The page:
AAAAAAAAAAnyway. The next day was cool, with rain showers on and off. It was never really bad downpours, but I did have to make use of my fancy new rubber overgloves I'd gotten in Anchorage. They're a bit clumsy, too much to want to fumble with a camera, so no pictures of said rain.
Even when it wasn't raining, the clouds were persistent,;clinging to the peaks and obscuring a lot of the ridge lines.
I think this ridge was called "The Comb"
The scale of the surroundings is very hard to convey with pictures taken while riding. Without the perspective of depth and movement, it's hard to tell just how huge most of these formations really are. I recorded this small clip while riding, maybe it will give some idea.
As we got higher into the mountains, we started to get near to the massive ice plateau that tops the mountain ranges, spilling down valleys in very impressive formations.
I hadn't used my real camera, my Canon 30D with a small assortment of lenses, in over a month. Part of this was the incredibly inconvenient location of it on my bike: getting to it involved removing the gas tanks and tool bag, and a lot of knots to untie. But when things started looking like this, and with the weather seeming holding, I felt it was time to finally break it out.
I started with the 70-200 F2.8 IS "L" lens, getting closer to what almost seemed like a waterfall frozen in time.
(I'm still trying to figure out how to properly expose for ice & snow. Making the glacier look good blacks out everything else in the image, but trying to balance it out just washes out the detail in the ice.)
But glaciers don't interest me too much; I spent six months living at the base of one, and after a while they're all the same. What did catch my eye . . .
This was at a scenic view pull-off, and these guys had obviously been well trained that looking cute in front of humans = snax! Especially from human children, who can't resist giving bits of cracker or whatever.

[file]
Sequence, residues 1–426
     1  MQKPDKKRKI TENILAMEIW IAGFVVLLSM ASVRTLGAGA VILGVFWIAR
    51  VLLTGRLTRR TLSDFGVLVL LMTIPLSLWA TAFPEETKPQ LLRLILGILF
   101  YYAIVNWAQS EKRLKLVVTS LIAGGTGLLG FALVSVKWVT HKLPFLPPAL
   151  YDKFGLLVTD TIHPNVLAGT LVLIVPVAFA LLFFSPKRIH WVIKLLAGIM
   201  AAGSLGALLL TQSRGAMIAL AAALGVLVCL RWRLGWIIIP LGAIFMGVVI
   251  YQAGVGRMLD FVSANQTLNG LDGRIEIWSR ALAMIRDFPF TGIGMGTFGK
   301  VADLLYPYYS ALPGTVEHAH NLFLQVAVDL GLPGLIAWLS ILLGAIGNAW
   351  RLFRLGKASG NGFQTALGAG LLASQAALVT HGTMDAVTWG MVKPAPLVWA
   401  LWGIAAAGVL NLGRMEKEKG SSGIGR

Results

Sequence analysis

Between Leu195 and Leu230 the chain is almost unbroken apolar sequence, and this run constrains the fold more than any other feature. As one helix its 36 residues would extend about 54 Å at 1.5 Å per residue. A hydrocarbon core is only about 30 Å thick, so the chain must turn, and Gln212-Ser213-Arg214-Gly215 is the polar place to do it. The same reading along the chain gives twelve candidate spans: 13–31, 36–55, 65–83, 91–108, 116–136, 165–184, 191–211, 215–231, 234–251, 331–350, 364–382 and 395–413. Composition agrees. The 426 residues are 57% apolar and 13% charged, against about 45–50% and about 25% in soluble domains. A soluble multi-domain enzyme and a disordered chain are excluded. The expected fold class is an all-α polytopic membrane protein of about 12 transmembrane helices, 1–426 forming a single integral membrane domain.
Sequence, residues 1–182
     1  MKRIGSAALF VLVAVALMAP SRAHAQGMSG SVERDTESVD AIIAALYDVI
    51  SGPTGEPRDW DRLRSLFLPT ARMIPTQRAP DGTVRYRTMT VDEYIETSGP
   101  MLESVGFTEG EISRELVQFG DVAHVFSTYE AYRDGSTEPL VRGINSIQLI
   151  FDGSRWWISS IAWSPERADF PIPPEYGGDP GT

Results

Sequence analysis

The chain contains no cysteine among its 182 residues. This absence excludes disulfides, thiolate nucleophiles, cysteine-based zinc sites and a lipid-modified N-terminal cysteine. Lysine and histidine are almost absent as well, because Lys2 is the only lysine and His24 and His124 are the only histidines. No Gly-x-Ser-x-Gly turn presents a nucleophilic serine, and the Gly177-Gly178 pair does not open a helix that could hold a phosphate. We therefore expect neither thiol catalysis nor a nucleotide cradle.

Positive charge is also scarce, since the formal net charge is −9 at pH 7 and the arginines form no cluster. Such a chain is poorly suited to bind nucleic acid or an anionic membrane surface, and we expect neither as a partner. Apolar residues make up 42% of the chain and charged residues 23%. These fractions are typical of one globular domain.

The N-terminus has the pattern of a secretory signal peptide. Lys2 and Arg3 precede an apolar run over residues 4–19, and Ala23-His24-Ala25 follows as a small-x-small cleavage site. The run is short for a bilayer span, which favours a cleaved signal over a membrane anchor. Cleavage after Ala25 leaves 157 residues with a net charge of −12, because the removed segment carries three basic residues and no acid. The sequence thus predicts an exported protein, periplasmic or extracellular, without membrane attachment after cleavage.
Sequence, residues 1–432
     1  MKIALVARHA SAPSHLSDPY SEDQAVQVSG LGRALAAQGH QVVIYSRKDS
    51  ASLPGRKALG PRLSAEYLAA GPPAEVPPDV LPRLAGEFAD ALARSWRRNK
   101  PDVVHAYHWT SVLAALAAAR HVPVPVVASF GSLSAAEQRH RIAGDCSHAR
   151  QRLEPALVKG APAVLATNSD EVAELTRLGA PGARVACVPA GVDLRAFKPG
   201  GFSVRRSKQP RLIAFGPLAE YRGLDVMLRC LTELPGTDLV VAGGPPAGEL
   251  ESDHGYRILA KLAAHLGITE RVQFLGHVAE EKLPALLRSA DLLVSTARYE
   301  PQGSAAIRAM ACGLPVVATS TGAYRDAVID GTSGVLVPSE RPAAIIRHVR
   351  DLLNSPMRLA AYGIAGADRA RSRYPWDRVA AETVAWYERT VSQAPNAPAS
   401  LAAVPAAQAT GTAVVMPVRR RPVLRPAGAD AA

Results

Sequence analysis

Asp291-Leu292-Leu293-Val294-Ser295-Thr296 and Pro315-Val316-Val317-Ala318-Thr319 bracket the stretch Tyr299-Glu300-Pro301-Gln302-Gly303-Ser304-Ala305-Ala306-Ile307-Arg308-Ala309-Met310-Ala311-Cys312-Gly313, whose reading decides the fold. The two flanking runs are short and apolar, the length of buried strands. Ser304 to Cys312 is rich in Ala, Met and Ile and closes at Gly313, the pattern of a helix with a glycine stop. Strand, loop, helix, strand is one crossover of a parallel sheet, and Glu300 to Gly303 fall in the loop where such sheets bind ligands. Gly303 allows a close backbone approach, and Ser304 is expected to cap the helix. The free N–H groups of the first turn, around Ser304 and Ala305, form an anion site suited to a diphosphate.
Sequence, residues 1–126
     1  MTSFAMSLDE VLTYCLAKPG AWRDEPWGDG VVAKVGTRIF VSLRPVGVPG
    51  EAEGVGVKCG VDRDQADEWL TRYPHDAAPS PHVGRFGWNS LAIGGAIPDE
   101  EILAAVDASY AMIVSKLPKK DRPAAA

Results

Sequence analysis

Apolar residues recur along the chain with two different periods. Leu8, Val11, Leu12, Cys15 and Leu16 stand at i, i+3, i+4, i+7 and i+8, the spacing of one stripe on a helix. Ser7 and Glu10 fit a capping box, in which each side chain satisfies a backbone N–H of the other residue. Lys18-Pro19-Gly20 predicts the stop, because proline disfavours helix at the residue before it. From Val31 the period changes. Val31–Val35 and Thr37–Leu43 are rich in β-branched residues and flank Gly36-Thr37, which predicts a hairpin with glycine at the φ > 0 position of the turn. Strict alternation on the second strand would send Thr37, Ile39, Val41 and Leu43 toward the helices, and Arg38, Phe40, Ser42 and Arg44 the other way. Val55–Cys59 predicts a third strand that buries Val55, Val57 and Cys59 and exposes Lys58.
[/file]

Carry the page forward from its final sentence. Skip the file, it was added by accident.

Om nom nom nom nom!
Someone needs a manicure, badly.
Even being all sneaky and hiding in the grass, I can still catch them with my giant lens of compensation!
There were birds, too. Not sure what this guy was, but he spent a lot of his time sitting on the top of trees looking poofy, before venturing down to see what the humans were doing, and maybe get a drink of the water trickling along the pavement.
(This is not a crop)
It turns out I was distracted by the animals for too long; before I could put on my wide glass to get decent big shots of the area, rain started to move in, obscuring the views. Knowing I should probably keep the good camera handy for a while, I put on my 17-85 lens and placed it into my tank bag, putting the L glass and other lenses back into the case on the luggage rack.
I kept going south, and eventually dropped enough altitude to get out of the clouds and most of the rain. Save for some small drizzles, I'd stay dry(ish) for the rest of the day.
There was a tourist resort at the junction of 93 and 11, which I stopped in at for gas. At $1.47 a liter, or about $5.55/gal. Not the highest I've paid so far on this trip, but close. A lot of the really remote places are off the grid, relying on generators for power, which jacks the cost of everything way up. Still, it was a nice view if you have to get butt-raped on gas.
Now, remember earlier when I mentioned that I put my Canon into my tank bag, guessing that there was going to be good picturin' along the way?
This was such a good decision. Seriously people, view these larger. It's worth it.